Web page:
The DOKO is pretty simple in nature: It's $100, hosts 4xUSB2.0 ports, 1xRJ45 ethernet, 1x3.5mm, and HDMI out. The unit is incapable of wireless connectivity due to CPU limitations – something we anticipate may be resolved if this first release goes over well – but the ethernet connectivity is rated at 50-80ms. For most games, this is acceptable. It's not flawless, but relatively unnoticeable for controller input in a non-competitive environment (we wouldn't recommend this for competitive CSGO or RTS, but it works for more casual or single-player games).
For sake of clarity, the DOKO is not a full computer, but serves more as a USB & network passthrough to the host system.
The DOKO is equipped with a fairly weak WonderMedia CPU, though it performs the basic tasks necessary to stream PC-rendered content to living room environments. NZXT expressed an interest in upgrading the CPU in future iterations if the DOKO goes over well, in which case wireless or other functionality may be added to the small box. 2GB of non-user storage sits on the device, mostly used for firmware, software, and swapping.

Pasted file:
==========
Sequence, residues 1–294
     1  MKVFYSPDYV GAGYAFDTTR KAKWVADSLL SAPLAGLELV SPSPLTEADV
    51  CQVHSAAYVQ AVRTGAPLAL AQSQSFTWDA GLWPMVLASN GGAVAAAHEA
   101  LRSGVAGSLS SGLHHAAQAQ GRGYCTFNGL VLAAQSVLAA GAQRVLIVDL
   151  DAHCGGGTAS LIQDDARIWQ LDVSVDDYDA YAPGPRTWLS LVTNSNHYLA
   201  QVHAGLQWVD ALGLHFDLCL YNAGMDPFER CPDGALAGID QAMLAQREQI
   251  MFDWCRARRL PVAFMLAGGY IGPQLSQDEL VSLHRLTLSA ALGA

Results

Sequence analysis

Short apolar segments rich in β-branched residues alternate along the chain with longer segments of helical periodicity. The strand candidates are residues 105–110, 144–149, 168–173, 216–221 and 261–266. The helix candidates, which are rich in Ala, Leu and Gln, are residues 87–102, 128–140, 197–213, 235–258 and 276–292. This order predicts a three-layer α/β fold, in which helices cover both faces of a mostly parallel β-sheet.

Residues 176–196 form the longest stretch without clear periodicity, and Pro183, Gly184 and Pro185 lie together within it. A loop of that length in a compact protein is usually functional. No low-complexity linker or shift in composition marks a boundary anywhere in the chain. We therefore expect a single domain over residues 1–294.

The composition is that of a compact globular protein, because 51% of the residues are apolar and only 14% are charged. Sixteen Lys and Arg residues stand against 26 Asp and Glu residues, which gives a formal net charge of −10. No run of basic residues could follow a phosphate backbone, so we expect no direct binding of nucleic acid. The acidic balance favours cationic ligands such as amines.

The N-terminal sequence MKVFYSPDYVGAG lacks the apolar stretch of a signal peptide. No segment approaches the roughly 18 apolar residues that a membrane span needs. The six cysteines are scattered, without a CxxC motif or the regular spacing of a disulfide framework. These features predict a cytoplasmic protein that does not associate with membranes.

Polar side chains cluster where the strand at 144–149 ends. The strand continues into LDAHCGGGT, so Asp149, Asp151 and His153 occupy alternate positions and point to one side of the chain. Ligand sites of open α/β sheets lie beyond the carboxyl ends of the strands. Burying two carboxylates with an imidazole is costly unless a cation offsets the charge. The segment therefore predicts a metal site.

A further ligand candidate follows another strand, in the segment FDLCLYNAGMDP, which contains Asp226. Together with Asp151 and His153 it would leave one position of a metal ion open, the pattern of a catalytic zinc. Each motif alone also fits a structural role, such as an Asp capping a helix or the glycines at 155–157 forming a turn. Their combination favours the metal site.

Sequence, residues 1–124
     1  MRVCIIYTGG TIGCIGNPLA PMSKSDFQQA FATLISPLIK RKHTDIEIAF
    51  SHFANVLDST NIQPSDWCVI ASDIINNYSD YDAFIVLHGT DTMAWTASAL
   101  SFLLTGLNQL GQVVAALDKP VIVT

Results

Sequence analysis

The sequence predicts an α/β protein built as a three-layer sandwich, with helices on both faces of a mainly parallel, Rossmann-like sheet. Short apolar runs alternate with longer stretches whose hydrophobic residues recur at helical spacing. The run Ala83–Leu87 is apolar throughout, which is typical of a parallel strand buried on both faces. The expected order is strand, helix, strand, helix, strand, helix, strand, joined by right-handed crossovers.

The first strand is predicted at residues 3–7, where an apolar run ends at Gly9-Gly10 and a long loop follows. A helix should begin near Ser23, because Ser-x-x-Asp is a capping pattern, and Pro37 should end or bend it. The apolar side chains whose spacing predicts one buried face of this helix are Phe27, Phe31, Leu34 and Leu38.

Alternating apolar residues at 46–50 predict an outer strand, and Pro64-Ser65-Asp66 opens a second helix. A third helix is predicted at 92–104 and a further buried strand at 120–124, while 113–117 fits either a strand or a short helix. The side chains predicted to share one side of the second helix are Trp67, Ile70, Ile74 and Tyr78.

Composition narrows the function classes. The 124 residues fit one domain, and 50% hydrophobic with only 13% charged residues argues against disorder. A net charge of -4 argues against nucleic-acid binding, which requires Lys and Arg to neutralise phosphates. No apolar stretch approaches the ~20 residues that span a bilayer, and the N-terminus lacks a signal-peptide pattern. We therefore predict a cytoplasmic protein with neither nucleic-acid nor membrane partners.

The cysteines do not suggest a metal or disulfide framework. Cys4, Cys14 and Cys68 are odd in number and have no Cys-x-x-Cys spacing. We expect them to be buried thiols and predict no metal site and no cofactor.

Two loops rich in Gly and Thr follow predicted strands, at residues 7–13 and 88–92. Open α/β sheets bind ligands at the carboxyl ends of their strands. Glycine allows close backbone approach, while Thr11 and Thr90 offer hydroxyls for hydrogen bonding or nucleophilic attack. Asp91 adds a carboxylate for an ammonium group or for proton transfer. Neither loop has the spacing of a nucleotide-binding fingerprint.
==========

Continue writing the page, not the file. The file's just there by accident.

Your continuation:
Most of GN's staff writers have a home theater PC of some sort, and I'm included in that list. Something like the DOKO allows a more affordable solution to same-house gaming in different rooms, allowing the buyer to spend $100 on a passthrough box rather than building a new system entirely dedicated to living room gaming. That said, I wouldn't trade my HTPC in for it just yet – you've still got more functionality, responsiveness, and ability with a dedicated PC, and that's not going to change. For users who just want to stream their games from a home system – without the requirement of yet more third-party software (like Razer's Forge demands) – the DOKO makes good sense and we can endorse it for that.
The DOKO's software is incredibly simple and strictly dedicated to interfacing between various PCs and the output TV. There is no other function beyond interfacing, so the bloat is minimal and usability is straight-forward. Multiple PCs can talk to the DOKO via LAN, so mirroring various desktop screens is easily done.
At $100, DOKO's biggest competition is the same-priced Razer's Forge, which seems to require the company's Cortex software in its current state. Devices like ChromeCast, Amazon's Fire Stick, and similar USB-hosted streaming interfaces don't accomplish the same low-latency streaming and function vastly differently from the DOKO. The DOKO can be thought of as more similar in scope to nVidia's GameStream or Steam's or In-Home Streaming, but limits latency and doesn't require the hardware that GameStream demands.
Official product page here.
- Steve "Lelldorianx" Burke.